Pro Tips for Camping in Joshua Tree National Park

by GO GlobeHopper

Sleep under the stars and enjoy some of the darkest night skies in Southern California. With 9 different campgrounds offering about 500 developed campsites, Joshua Tree National Park offers options for individual travelers, families, and large groups.

At Joshua Tree, there’s camping to fit any style. Looking for family-friendly car camping? Find a site near boulders perfect for kid-clambering. Feeling adventurous? Pack in, on horseback or on foot, to set up camp almost anywhere in the park’s 800,000 acres/323,749 hectares (a few restrictions apply).

The park has nine established campgrounds, six with first-come, first-serve sites.  But please keep in mind that some campgrounds close during the summer months, and springtime weekends can be crowded, especially when wildflowers bloom. Holiday weeks are also very busy. To improve your chances of getting a campsite, come to Joshua Tree during the week instead of on a weekend.

To claim a place at a first-come, first-serve campground, find a vacant site. Complete a fee envelope and use it to deposit your cash or check payment in the collection box near the campground entrance. Retain the tear-off receipt from the envelope and clip it to your numbered site post. Pay only for the nights you plan to camp: refunds are not available.

Jumbo Rocks Campground is popular; its 124 sites are scattered throughout a maze of granite boulders, and there are ranger-led talks on weekend evenings. The camp is especially popular with astronomy groups and 4WD fans. Black Rock Campground on the park’s west side is popular with families and groups thanks to running water, flush toilets, and slightly cooler temperatures. Cottonwood Campground, near the park’s southern entrance, also has drinking water and flush toilets.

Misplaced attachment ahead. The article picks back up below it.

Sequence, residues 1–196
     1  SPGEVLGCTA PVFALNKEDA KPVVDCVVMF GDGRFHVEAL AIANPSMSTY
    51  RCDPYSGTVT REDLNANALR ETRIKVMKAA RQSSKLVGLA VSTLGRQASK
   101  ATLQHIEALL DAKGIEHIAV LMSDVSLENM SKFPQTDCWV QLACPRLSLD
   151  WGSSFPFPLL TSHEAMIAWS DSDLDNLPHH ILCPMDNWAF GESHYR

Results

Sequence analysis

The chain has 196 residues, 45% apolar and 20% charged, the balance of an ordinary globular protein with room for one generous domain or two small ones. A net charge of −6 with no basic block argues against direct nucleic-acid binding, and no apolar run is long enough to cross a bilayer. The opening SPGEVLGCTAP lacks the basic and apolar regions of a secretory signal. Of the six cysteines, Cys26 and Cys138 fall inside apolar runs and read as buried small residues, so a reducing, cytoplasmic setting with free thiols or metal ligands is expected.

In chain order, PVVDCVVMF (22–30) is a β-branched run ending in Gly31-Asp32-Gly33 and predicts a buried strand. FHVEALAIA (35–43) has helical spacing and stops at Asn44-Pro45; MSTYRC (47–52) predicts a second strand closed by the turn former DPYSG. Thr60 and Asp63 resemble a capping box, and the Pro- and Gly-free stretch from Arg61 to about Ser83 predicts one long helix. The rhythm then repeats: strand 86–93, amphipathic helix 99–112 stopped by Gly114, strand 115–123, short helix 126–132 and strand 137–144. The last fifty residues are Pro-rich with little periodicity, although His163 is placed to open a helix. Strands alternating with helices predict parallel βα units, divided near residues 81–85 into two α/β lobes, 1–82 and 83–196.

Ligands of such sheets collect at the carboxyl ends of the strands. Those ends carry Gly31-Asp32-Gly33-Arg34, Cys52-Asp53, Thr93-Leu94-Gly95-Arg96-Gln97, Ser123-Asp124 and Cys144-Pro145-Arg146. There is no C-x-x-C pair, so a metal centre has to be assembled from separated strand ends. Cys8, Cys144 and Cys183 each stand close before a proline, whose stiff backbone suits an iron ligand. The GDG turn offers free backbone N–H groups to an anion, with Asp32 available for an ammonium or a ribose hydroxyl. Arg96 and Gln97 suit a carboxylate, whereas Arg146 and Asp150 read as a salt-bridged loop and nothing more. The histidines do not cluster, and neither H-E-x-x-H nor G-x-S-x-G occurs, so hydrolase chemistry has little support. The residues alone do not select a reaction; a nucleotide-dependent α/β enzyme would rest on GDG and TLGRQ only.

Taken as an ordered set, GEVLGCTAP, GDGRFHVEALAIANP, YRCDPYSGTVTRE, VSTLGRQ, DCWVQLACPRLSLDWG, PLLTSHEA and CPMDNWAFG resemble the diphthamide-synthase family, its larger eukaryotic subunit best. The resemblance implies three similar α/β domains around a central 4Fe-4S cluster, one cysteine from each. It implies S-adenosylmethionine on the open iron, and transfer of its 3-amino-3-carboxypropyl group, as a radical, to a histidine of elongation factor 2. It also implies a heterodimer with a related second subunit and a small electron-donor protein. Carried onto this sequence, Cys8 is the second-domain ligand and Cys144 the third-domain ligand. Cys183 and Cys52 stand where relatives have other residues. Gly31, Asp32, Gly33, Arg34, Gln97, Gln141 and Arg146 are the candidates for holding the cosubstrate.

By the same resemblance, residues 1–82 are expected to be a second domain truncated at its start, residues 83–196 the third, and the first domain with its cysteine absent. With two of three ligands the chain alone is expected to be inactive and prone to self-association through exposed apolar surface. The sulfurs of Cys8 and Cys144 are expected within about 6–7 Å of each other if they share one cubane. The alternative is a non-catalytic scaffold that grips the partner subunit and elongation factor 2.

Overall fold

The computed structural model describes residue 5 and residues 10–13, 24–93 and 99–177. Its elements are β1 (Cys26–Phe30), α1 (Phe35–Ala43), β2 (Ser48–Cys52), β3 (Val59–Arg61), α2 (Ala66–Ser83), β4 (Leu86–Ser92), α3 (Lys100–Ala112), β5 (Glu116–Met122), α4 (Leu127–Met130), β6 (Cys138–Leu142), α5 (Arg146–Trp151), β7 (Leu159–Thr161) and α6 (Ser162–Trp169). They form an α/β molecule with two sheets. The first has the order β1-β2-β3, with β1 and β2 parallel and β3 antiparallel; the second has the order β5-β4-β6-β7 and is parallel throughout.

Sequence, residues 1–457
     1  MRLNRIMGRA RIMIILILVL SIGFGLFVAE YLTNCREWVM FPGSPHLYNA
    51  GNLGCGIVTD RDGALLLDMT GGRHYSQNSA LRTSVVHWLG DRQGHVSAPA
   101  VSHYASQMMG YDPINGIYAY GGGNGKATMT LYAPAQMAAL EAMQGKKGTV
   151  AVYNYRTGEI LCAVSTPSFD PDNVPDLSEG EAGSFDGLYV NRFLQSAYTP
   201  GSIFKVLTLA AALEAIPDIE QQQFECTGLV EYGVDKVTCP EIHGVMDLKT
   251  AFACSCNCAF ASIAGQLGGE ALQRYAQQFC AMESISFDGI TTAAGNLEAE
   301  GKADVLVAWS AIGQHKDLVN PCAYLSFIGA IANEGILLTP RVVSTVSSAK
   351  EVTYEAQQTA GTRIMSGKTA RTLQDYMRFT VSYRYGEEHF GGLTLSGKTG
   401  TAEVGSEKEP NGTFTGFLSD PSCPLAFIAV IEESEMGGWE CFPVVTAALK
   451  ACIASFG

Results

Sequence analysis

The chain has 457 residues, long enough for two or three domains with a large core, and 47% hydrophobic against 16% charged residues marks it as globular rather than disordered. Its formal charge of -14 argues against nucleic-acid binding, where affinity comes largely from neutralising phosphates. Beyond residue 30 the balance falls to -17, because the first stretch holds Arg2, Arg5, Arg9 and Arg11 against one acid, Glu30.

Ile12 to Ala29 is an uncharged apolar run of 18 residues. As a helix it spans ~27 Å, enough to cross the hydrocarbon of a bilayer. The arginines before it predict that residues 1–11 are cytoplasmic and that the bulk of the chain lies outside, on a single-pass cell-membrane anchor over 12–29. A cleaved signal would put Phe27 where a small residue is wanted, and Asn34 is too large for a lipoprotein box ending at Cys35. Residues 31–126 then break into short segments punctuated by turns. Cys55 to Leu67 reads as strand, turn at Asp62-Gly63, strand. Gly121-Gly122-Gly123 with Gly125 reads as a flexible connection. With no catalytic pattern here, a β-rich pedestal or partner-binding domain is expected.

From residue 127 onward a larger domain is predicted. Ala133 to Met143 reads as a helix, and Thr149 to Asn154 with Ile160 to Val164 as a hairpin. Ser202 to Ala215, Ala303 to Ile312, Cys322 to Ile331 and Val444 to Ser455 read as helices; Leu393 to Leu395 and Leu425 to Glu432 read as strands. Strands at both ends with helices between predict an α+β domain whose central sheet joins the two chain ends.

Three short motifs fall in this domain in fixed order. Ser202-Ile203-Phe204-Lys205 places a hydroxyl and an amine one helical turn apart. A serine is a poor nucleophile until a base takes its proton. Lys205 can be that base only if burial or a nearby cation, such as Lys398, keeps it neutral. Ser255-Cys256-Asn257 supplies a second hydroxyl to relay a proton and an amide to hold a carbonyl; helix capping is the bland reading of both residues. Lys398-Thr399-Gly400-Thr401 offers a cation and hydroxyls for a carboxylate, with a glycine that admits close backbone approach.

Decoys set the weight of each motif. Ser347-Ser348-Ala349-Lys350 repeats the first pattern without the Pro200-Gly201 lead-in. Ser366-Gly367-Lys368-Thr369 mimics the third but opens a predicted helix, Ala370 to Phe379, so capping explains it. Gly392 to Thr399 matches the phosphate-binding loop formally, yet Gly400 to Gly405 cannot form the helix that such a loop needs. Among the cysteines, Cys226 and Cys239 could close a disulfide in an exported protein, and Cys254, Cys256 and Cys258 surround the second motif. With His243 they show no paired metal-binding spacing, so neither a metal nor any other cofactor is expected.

Reservations are available for Black Rock and Indian Cove campgrounds during the busy season from October through May. Book a site online at or by calling 877-444-6777 up to six months in advance of your visit.

There is potable water available in or near the campground at Black Rock, Cottonwood, and Indian Cove. (Indian Cove has no water in the campground itself, but there is water available at the Indian Cove Ranger Station. There is no RV water access at Indian Cove.)  Operating in ‘better to be safe than sorry‘ mode, it’s wise to plan ahead and bring at least two gallons of water per person, per day for your trip to Joshua Tree.

Speaking of being prepared, it might also be wise to read up on the wildlife that inhabits this national park considering the likelihood of encountering something.  Knowing what to do, or not to do, could prove to be valuable information when taking into account that mountain lions, coyotes, bobcats, bighorn sheep, mule deer, scorpions, and a multitude of rodents and reptiles, including 18 varieties of lizards and 25 varieties of snakes, all dwell in this desert setting.  While sightings of any of these creatures (most of which are harmless) make for amazing photographs and stories to take home to family and friends, certainly an experience with a mountain lion or rattlesnake could be quite dangerous. So make sure you have plans for where to store your food, and what to do to stay safe.

There are no hookups for RVs at any campground in Joshua Tree. Black Rock and Cottonwood Campgrounds have RV-accessible potable water and dump stations. At Hidden Valley and White Tank Campgrounds, RVs and trailers may not exceed a combined maximum length of 25 feet.
For more information, you can contact National Park Service


Lead Photo Source: Joshua Tree National Park Public FB Profile

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